April 29, 2013
Examples Of Genetic Engineering: Bizarre Yet Beneficial Uses Of Modern Biotech
Rayshell Clapper for redOrbit.com - Your Universe Online
After learning about human genetic engineering, many readers might want to find out about some examples of genetic engineering. Both bizarre and beneficial, the following article highlights some truly fascinating and pragmatic examples of modern genetic engineering.
Nexia Biotechnologies Company inserted the gene from a golden orb-weaver spider into the genome of goat in such a way that the goat secretes the protein of the spider web in its milk. The milk was then used to create a what Nexia called (and trademarked) BioSteel, a material with characteristics similar to spider webs.
Beyond goats capable of secreting spider webs in their milk, there are a number of other really cool examples of genetic engineering in animals. In one redOrbit blog, this author reported about a cat that glows in the dark. The glow-in-the-dark feline has a fluorescence gene that makes it glow under an ultraviolet light. As the Biotechnology Forum outlines, here is how South Korean scientists first created the glowing cat in 2007:
“They took skin cells from Turkish Angora female cat (species that were originally tamed by Tatars, but was later transferred to Turkey and is now considered the country's national treasure), and using the virus they inserted the genetic code for the production of red fluorescent protein. Then they put genetically modified nuclei into eggs for cloning and such cloned embryos are returned to the donor cat. It thus became the surrogate mother's own clones.”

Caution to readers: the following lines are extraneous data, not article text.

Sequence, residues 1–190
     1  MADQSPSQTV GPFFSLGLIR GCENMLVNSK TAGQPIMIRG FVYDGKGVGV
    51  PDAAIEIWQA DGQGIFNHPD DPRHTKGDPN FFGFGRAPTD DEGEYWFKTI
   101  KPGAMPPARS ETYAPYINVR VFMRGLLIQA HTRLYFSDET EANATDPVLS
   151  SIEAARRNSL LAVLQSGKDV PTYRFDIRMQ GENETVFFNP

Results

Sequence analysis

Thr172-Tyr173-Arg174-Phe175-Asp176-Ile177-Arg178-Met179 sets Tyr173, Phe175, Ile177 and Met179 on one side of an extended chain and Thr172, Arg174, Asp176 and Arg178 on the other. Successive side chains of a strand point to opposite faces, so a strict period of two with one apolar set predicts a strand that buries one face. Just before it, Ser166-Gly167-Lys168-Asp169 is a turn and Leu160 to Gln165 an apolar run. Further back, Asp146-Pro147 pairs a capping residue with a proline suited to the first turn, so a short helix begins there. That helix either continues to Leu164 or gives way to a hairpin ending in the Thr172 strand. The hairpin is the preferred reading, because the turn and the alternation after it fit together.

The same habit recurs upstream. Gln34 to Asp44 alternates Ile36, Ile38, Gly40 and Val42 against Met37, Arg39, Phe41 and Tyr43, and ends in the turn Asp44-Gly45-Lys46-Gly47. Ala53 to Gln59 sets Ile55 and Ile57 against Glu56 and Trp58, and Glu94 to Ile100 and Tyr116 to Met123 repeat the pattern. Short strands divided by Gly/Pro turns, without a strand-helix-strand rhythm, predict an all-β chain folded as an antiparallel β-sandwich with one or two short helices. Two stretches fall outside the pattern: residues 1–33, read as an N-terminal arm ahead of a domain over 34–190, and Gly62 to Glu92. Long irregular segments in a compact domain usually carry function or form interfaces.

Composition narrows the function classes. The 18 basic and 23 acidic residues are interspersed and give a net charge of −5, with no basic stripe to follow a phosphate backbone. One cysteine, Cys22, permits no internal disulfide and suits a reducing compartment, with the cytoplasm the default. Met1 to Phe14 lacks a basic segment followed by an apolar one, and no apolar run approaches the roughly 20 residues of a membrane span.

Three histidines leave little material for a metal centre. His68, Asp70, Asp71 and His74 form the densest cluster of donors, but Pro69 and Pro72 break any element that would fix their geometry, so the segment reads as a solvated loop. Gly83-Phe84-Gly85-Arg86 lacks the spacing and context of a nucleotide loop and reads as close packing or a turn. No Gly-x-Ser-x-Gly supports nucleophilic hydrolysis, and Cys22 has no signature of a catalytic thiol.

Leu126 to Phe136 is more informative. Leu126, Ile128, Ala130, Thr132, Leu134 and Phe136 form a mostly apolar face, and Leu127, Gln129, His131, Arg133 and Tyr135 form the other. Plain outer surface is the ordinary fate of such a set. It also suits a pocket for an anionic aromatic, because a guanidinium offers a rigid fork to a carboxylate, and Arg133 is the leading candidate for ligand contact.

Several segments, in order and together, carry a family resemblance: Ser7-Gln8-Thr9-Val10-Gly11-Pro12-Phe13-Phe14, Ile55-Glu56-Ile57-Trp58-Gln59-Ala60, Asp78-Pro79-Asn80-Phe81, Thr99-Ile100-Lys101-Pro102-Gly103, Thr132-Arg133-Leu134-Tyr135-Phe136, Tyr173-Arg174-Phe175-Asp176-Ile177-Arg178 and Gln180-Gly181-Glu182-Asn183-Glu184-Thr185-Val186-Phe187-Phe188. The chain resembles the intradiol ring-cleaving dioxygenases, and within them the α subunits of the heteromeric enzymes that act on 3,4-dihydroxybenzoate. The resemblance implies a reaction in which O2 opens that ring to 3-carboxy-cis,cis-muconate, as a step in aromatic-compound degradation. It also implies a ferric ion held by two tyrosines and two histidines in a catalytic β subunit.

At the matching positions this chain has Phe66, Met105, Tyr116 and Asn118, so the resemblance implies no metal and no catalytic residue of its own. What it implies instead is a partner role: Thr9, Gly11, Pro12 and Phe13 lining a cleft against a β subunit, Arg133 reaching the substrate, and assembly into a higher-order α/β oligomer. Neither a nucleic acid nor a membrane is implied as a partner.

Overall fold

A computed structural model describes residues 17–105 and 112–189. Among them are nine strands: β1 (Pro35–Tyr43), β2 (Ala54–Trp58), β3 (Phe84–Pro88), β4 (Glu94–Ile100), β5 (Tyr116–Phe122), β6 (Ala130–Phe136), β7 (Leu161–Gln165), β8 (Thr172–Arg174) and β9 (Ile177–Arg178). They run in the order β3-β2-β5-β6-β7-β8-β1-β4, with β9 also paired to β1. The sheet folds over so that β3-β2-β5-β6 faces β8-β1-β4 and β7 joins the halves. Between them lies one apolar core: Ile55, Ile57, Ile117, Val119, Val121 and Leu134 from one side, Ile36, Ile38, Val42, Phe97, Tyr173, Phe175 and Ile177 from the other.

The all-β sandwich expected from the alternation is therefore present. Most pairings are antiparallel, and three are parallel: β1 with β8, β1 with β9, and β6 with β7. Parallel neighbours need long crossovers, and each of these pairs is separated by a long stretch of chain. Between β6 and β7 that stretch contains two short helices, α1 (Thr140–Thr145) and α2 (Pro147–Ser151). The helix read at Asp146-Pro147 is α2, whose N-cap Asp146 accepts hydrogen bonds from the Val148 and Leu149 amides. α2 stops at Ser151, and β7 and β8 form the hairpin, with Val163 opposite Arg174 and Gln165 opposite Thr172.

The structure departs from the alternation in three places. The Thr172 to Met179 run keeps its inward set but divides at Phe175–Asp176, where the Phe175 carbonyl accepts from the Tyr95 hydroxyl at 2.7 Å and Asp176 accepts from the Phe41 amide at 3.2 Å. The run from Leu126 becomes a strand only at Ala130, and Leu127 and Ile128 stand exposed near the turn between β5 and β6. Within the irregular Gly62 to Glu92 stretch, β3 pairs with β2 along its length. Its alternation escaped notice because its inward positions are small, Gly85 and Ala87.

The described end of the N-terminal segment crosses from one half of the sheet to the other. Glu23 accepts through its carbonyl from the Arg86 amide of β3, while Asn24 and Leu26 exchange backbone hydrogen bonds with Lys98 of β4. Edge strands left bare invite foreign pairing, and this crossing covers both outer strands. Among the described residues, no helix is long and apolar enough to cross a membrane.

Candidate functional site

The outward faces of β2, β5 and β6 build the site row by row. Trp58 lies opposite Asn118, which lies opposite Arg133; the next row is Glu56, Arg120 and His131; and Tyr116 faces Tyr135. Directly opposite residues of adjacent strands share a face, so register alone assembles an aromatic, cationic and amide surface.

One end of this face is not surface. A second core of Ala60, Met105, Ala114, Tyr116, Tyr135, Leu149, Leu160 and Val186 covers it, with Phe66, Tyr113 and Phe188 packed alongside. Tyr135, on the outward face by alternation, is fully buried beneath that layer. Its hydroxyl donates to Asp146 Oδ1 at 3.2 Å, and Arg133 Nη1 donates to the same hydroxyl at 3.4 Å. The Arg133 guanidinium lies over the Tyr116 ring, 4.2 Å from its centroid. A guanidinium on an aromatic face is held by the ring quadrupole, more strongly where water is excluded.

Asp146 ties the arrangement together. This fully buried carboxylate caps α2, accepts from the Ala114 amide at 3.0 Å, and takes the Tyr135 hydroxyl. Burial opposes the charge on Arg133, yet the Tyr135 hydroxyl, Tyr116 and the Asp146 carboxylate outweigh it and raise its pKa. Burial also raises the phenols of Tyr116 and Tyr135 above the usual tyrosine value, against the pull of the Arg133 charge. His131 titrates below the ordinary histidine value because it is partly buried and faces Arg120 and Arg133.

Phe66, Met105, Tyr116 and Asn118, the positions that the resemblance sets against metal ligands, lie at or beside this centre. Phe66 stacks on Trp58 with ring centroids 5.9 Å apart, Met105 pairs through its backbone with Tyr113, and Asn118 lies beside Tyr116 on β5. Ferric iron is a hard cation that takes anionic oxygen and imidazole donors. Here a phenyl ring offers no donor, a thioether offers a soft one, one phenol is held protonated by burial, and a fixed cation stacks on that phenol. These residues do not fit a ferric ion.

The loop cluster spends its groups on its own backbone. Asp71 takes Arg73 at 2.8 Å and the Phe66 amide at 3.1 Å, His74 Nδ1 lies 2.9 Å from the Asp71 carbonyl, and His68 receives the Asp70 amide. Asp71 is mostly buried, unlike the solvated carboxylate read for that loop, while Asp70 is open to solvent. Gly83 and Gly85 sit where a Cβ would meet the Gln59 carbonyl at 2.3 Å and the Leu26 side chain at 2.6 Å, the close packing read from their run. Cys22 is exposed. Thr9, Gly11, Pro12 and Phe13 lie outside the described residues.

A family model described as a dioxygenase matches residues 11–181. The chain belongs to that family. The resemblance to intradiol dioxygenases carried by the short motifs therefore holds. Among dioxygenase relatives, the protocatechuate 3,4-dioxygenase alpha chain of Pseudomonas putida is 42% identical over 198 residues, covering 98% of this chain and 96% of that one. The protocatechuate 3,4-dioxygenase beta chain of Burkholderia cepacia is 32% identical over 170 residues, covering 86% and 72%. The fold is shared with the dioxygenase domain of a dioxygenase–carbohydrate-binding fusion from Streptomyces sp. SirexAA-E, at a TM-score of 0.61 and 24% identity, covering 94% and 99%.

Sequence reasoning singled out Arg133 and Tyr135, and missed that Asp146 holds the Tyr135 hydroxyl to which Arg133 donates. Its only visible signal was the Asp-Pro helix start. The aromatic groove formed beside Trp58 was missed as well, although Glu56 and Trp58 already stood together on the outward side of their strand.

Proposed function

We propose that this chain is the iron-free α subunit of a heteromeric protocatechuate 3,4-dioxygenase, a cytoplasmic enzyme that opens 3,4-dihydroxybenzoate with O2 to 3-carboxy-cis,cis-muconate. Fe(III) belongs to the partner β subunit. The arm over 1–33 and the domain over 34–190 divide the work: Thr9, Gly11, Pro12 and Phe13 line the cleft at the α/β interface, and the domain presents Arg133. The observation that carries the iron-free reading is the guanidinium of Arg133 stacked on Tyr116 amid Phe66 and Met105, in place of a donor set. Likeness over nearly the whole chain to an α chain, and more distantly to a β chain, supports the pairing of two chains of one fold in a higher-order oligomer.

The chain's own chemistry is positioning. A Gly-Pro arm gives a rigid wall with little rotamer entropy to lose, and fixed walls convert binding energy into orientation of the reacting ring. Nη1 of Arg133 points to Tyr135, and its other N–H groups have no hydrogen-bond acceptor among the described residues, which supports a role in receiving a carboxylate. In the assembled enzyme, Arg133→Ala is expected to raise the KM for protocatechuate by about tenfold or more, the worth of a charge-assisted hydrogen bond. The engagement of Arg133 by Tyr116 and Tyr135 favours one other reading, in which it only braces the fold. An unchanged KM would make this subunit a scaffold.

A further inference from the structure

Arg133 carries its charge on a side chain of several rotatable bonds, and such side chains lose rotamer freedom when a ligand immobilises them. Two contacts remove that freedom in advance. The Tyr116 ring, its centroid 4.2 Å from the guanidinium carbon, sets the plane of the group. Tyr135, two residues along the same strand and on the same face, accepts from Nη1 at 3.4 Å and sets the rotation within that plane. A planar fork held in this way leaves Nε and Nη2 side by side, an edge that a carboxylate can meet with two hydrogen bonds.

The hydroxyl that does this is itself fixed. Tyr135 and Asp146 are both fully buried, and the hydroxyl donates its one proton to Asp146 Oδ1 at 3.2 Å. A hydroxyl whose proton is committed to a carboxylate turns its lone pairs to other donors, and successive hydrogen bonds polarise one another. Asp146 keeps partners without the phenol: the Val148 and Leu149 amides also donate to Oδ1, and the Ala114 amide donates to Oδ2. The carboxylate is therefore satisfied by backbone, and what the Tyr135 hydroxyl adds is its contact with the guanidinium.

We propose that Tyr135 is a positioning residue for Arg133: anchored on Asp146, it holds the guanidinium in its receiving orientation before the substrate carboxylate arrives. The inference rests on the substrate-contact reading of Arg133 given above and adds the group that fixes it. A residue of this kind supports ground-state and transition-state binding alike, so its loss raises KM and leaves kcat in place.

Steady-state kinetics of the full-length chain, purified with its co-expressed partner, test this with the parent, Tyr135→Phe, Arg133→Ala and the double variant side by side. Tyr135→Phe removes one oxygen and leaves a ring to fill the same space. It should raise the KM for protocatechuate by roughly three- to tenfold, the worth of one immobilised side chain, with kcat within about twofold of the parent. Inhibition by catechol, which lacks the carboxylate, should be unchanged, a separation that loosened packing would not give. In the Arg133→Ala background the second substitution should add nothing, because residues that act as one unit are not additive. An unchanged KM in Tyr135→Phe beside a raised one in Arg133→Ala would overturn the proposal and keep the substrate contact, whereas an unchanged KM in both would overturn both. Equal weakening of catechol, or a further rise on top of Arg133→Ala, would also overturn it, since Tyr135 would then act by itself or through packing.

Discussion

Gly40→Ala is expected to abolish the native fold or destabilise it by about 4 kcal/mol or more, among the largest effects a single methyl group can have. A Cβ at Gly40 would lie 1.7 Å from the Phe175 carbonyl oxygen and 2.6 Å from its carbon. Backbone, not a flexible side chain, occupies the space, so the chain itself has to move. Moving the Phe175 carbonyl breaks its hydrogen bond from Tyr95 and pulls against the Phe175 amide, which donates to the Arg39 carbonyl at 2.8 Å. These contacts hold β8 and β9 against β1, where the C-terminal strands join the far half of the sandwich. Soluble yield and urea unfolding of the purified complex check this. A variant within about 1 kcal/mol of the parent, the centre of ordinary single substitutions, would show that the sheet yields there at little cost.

And why make a cat that glows in the dark? The researchers explained that this was no frivolous experiment and that potential benefits exist in medicine for treating and testing for human diseases caused by genetic disorders. And just today, researchers in Uruguay announced that they had successfully created a genetically modified glowing sheep. Though not directly applicable to medical technology, the researchers had this to say about the purpose of their research: "Our focus is generating knowledge, make it public so the scientific community can be informed and help in the long run march to generate tools so humans can live better, but we´re not out in the market to sell technology.”
Moving on, two other good example are the less-flatulent cow and the so-called Ecopig. As Mother Nature Network explains, cows produce a lot of methane gas, which is second only to carbon dioxide in contributing to the greenhouse effect. So scientists at the University of Alberta identified the bacteria responsible for producing methane and designed a breed of cows that create 25 percent less methane than the average cow. This is one genetic engineering example that directly and practically addresses one of the major problems facing modern man.
The Ecopig (aka “enviropig” or “Frankenswine”) is yet another of the many examples of genetic engineering that positively contribute to the environment. The Ecopig has been genetically altered to better digest and process phosphorus. The reason is that pig dung is high in phytate, a form of phosphorous that farmers use it as fertilizer but which over stimulates the growth of algae which can deplete oxygen in the watersheds and thus kill marine life. The Ecopig has been genetically modified by adding E. Coli and mouse DNA to the pig embryo, which reduce the pig´s phosphorous output by about 70 percent.
Each of these bizarre examples point to some of the pros of genetic engineering, highlighting how researchers are striving to bring modern science and technology to the aid of humanity and some of its most pressing problems. Whether the goat that produces spider silk or the cow that doesn´t produce as much flatulence, these animal examples of genetic engineering shows biotechnology in action.